“selling a lottery home”

by on January 26, 2013

Red Deer, Alberta arrived from google.ca on ““can you sell a lotto house in canada”” by searching for selling a lottery home.


You can watch the web traffic on LotterySquirrel.com in real time.


YES you can sell a home (in Canada) you win with NO CAPITAL GAINS if the house is sold for less than the advertised price. The homes are listed on the high side, so there should not be any problems.
This TAX change came into effect before we won the dream home below in 2004; prior to that you had to stay in the house a year before selling to avoid tax issues. There was a dream home in north London that was broken into during the Northeast Blackout of 2003, and the winner was later a single mother of 2 young children. She had to sell the house because she could NOT afford the expenses. She was taxed heavily — had she had proper advice, she could have taken an equity takeout mortgage and used the money to cover the operating costs; then she could have sold it in a year and paid NO TAX.
In the USA they tax you big time right up front when you win any lottery! If you win a dream home in Canada, you can sell the house with furniture all together or sell the house separately from the contents, which you can keep or sell. If you sell anything for more than $1000, you will have to list it on your tax return (house excluded). Even if it was worth more than $1,000 there should be no effect on your return as it is not a capital gain. For more advice, see an accountant or Revenue Canada or their website.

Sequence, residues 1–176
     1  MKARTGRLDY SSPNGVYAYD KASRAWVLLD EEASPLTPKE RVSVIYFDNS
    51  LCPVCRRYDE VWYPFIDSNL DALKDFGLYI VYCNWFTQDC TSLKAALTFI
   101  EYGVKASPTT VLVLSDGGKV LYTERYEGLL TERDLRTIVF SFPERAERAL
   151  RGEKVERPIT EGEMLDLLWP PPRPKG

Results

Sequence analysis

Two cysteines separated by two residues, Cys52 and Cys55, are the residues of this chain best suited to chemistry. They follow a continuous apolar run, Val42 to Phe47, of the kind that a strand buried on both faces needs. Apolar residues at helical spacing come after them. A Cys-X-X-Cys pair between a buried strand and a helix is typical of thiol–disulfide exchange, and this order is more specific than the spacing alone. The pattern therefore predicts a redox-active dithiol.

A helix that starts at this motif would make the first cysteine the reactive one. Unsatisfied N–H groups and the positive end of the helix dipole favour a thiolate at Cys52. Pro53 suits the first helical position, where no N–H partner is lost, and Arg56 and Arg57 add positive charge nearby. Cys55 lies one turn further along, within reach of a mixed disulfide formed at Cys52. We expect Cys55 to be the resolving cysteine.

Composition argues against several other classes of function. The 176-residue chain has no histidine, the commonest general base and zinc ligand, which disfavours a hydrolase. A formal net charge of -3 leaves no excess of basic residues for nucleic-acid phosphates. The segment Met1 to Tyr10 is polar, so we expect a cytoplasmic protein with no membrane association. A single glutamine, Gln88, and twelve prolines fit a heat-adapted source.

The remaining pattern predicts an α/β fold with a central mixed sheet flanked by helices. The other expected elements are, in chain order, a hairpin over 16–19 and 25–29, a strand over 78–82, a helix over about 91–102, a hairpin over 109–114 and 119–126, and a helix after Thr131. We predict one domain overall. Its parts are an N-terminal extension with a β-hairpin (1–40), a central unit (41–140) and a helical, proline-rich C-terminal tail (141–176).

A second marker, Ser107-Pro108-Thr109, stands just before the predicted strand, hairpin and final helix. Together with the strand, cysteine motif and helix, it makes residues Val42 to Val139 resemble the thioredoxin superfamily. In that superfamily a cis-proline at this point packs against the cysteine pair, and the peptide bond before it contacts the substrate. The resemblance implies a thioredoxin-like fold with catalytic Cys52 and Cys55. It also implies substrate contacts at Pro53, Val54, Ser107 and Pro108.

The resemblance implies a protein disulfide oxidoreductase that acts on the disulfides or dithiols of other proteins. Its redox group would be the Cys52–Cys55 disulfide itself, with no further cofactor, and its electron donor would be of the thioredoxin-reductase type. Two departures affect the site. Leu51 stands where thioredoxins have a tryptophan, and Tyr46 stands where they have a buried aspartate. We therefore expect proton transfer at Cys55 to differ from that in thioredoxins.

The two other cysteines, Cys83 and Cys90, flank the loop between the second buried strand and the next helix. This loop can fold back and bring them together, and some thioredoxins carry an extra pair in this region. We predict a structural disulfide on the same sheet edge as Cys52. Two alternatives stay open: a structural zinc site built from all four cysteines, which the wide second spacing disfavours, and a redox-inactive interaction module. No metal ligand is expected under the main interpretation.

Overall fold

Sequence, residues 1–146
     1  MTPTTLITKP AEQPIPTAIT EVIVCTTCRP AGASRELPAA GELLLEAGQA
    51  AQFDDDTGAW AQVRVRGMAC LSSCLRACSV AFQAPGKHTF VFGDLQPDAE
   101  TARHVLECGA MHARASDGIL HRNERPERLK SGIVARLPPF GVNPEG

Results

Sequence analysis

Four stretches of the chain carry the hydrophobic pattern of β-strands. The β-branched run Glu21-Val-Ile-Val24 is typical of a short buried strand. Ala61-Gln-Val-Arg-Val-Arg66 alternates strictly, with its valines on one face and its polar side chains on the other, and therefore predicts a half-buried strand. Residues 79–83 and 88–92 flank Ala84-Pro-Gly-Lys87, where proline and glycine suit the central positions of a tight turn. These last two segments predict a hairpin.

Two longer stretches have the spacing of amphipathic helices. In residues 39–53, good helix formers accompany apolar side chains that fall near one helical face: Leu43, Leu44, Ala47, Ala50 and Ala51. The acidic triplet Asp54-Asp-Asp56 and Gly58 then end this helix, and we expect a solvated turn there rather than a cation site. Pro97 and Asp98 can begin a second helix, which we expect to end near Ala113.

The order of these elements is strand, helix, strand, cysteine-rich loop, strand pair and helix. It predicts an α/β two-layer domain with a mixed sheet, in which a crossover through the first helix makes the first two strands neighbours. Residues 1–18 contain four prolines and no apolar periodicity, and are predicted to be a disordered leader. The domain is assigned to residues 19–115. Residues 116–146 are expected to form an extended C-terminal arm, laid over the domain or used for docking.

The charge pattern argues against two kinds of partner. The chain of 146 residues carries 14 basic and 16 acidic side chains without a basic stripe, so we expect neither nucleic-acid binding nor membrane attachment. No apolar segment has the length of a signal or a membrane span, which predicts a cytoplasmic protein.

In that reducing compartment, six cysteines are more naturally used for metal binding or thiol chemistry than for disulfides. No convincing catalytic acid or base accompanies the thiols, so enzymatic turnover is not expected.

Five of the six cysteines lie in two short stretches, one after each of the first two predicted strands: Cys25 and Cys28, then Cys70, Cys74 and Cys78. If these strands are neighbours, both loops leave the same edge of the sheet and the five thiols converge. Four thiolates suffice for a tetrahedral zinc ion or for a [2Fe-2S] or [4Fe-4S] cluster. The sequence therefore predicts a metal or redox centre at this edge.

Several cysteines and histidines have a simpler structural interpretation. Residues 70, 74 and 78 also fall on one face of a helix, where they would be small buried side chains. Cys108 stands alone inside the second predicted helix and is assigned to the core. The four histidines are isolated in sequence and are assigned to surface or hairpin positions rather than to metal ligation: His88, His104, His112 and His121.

The best advice from dream home winner RIC WALLACE is to take the CASH OPTION or sell as soon as possible. The big dream homes come with high property taxes and high operating expenses.


Lotteries like Princess Margaret Hospital Foundation Home Lottery , Dream of a Lifetime Lottery- OTTAWA do NOT have CASH OPTIONS, whereas lotteries like Sarnia Dream Home Lottery have a cash option.


The Dream Home Lottery Won Using Squirrel LUCK!



A Lucky Black Squirrel (Lottery Charm®) pin was used to hold the winning grand prize ticket on a corkboard in the office of LotterySquirrel.com creator Ric Wallace.

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